The first was a jaunt along the Greenway (first braving a traffic jam caused by a funeral in the West Ham Cemetry) and through Three Mills Green. Notably we got a disability bike along the Channelsea Path linking Three Mills to the Greenway.
There was very positive feedback from the eight children participating.
Duly inspired, and with a group of six slightly older children, our second ride ventured from the Greenway along the Lea towpath to the Olympic Park. This gave us a chance to focus more on cycle skills as well as taking some of the children to a part of Newham they had not been to before or had little knowledge of.
A great pleasure and success for them and us.
We are therefore trying to fit another ride in before the summer shut down. If you might be able to help between 10.15 am and 12.45 pm on either Saturday 30 June or Saturday 7 July let me know at email@example.com
A goodly band, including a contingent from south of the River, set out without any expectation of avoiding at least one thunderstorm.
In the event we were blessed (as usual) with good weather and those that lasted to the end finished hot, but dry; all without mechanical mishap.
The ride was just over 16 miles around Newham with one small diversion to Trinity Buoy Wharf on the Tower Hamlets side of the mouth of the River Lea.
The intention was to pick up on some of the places of interest missed out in previous local rides. What was remarkable was the scale of development along the Thames, from City Island to Gallions Reach. Indeed the new developments at Thames Barrier Park made it a difficult task to thread our way to the park.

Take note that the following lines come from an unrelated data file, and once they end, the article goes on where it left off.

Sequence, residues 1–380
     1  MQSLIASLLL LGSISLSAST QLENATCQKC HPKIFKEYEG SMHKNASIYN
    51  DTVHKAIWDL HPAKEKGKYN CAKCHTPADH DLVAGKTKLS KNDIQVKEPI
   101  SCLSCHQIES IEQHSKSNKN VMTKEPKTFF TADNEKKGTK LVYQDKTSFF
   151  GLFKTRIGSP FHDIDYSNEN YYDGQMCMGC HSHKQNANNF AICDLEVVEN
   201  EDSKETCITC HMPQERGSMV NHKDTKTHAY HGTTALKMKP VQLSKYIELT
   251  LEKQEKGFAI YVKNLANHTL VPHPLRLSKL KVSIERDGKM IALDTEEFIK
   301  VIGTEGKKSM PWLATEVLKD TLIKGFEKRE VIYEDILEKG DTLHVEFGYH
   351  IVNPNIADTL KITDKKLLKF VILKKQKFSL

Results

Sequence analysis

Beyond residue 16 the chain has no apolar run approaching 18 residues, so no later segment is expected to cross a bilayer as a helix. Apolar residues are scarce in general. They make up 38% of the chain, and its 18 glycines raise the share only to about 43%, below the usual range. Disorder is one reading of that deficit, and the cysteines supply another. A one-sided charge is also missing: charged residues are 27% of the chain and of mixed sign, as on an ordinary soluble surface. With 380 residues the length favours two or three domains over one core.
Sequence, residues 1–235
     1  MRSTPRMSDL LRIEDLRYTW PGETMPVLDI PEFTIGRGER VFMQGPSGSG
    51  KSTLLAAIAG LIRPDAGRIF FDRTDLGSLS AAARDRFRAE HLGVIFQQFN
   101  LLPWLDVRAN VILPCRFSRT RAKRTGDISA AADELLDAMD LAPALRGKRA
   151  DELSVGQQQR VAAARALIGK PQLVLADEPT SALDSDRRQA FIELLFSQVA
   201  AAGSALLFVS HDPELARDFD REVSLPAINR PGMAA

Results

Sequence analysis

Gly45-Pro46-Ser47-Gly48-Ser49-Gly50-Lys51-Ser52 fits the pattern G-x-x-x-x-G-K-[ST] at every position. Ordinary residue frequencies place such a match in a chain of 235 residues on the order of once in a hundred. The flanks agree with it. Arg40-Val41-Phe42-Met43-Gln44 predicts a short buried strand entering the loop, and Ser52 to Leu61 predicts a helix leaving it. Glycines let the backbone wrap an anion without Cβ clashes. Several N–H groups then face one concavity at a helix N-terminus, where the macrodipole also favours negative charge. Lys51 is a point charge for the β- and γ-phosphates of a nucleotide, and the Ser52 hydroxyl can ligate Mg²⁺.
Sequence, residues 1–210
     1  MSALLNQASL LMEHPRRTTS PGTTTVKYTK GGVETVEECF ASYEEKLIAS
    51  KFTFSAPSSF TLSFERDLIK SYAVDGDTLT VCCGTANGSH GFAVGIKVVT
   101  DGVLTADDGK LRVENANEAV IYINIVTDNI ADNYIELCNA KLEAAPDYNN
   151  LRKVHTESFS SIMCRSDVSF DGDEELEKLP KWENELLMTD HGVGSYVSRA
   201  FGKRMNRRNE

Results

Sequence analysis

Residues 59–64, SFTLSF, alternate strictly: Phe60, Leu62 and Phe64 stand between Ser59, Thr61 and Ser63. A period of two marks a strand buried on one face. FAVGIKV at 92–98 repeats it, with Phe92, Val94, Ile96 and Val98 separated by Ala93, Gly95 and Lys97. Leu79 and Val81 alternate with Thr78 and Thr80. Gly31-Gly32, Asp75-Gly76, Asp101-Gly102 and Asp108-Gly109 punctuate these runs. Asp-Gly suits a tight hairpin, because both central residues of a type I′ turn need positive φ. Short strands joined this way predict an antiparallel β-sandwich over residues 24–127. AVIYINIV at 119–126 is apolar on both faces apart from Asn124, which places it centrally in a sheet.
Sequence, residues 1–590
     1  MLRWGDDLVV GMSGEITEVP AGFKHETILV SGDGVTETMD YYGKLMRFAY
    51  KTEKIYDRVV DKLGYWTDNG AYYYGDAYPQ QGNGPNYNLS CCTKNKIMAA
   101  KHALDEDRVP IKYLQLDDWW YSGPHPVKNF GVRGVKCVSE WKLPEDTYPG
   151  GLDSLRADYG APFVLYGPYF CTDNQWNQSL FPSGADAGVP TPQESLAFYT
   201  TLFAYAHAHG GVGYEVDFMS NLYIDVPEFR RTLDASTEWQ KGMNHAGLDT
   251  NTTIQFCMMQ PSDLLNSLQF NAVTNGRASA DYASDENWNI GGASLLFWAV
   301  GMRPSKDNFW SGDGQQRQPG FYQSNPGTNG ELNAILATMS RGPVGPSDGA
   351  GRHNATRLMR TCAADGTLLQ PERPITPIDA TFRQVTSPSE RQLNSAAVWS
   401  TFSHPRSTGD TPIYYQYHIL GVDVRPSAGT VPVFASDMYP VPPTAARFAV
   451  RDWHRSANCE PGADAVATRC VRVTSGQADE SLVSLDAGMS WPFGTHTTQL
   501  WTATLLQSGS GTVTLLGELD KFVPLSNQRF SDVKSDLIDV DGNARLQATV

Lets hope Newham ends up with a proper Thameside path!
This was held on 21 May to avoid a bank holiday. In the evening sunshine we took a quick ride around the rat runs of Manor Park, between the Romford Road and East Av/Plashet Grove, either side of High Street North, leaving time for discussion in the garden of the Golden Fleece afterwards.
On Manor Park, Adam suggested how through traffic could be stopped by point road closures leaving groups of streets accessible (each group shown as the same colour on this map):
We decided to-
- discuss the problem and possible solutions with Newham Council’s Sustainable Transport Officer and Newham Living Streets;
- invite ideas for possible solutions. If you have ideas or would like to participate in developing ideas please get in touch, by 10 June, to firstname.lastname@example.org and email@example.com);
- continue to raise awareness of local residents, schools etc;
- inform the new local councillors.
We discussed how to run our Freecycle feeder ride on 28 July. We are looking at a new route. Marshals are needed. If you can help and have not already indicated please let me know on newham.lcc.org.uk again by 10 June.
We were not impressed with the plans for Q6 Temple Mill Lane/Leyton Rd jucntion and will be renewing our objections. It is imperative that the quietways reach an decent quality. otherwise they will waste public money on infrastructure that will not attract cyclists.
We decided to run a programme of Councillor Rides to reinforce with our new Council the potential of and benefits from cycling in Newham.
Out third cycle of bike maintenance and ride with Ambition, Aspire, Achieve goes ahead over teh next two Saturdays.
This will take place a week earlier than usual to avoid a bank holiday, on 21 May.
We will be doing a short fact finding ride of some rat runs in Manor Park
Start at the golden Fleece, Capel Rd at 7.30 pm and we will return there for discussion of our findings and other current topics – weather permitting in the garden.
A lively Annual Meeting, with refreshment, was held at the East Ham Working Mens Club on 30 April 2018. A turnout of 24 members and guests heard an interesting presentation by Dr Rachel Aldred, an LCC Trustee, on cycle safety. She has undertaken a study which examined the various factors contributing to cycle safety such s the nature of the roads, the amount of traffic, the presence of bus lanes, speed limits and the number of cyclists. One of her findings was that safety improved with a 20mph speed limit irrespective whether it was enforced or not.